The strange world of the Royal Family

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“Royal upbringings can be very damaging if they make royalty seem remote from the people, who hate arrogance and entitled behaviour,” Holden says. “Crawfie felt that Lilibet and Margaret were living a formal, sequestered, Victorian life which had no place in the modern world. She thought this wasn’t good for them either personally, as people, or practically, as members of the ruling family. And so she took them out of the palace and showed them how ordinary folk lived. She encouraged their humour, their creativity and their sense of adventure, all of which were being utterly suppressed when she arrived.”

Thanks in no small part to Crawfie, a woman whose name Holden says is still synonymous with betrayal in royal circles, that worried, vulnerable child was able to weather some of the most seismic years in her nation’s history. “Crawfie steered them through the abdication, the unexpected coronation of their parents, and the whole of World War Two. While this was all very dramatic and brilliant to fictionalise, it must have been very frightening and confusing at the time.”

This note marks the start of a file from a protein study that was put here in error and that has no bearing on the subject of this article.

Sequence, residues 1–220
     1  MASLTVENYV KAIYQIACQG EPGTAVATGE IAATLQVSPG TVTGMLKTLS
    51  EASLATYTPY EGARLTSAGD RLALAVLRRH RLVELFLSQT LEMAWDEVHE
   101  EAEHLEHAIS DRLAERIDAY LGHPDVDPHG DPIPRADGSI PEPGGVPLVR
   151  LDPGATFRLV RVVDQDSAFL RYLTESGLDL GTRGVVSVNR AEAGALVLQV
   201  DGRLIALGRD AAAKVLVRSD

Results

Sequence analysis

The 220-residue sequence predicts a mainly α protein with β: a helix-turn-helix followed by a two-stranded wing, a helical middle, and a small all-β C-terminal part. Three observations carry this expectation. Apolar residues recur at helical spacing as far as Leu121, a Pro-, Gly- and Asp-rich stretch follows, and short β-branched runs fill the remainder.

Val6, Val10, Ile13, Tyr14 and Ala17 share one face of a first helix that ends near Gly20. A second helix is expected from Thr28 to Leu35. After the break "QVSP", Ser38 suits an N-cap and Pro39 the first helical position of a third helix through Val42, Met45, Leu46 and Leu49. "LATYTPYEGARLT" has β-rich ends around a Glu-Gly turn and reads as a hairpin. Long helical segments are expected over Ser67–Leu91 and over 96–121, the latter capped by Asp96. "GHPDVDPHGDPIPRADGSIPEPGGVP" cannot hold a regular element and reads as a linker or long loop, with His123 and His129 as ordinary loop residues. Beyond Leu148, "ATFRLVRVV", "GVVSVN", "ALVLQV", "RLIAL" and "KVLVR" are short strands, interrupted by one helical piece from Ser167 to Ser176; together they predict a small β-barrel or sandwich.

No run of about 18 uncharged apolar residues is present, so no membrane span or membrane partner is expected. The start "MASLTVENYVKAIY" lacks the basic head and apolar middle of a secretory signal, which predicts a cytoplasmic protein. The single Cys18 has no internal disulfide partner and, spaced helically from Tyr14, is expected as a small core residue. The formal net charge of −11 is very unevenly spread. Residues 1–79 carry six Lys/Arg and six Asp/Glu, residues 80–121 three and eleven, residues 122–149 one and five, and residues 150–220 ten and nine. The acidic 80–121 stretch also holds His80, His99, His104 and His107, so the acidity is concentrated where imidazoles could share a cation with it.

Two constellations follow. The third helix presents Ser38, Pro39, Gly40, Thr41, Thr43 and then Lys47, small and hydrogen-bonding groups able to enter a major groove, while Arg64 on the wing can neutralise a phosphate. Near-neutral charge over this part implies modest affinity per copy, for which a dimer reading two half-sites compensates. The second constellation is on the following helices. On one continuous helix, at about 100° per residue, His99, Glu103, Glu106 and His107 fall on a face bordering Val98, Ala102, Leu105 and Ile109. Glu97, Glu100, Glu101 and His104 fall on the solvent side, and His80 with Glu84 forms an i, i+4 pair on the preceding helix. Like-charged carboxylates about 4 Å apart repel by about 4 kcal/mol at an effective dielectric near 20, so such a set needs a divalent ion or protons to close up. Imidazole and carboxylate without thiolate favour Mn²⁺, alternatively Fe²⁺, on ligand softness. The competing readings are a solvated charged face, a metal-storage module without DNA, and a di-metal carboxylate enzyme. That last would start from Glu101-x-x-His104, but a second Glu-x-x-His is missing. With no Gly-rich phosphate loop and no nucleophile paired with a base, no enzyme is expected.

Holden’s novels have sold more than three million copies globally but The Governess is her first foray into historical fiction. Though she immersed herself in the period, raiding her nearest second-hand bookseller for out-of-print books collected by local monarchists, her own imagination, she says, was her most important source of all. Allowing herself the freedom to invent was what McHugh, who has behind her a 30-year career in journalism, found hardest. Her novel, A Most English Princess, dramatises the life and turbulent times of Queen Victoria’s eldest child, the Princess Royal known as Vicky, a pawn in international politics who was married off to a German prince and gave birth to the future Kaiser, Wilhelm II, who in turn plunged his nation into World War One.

Leap of empathy

“I fretted over authenticity,” says McHugh, who lives in Washington DC but was born in London, and whose British great-grandfather once drove Vicky’s son and brother, King Edward VII, on part of their journey to Osborne House, the Royals’ Isle of Wight residence. “How could I ever imagine, accurately, what it was like to be a princess, and then a German Empress, and then a bereft widow, living in a huge castle, despised by one’s son?”

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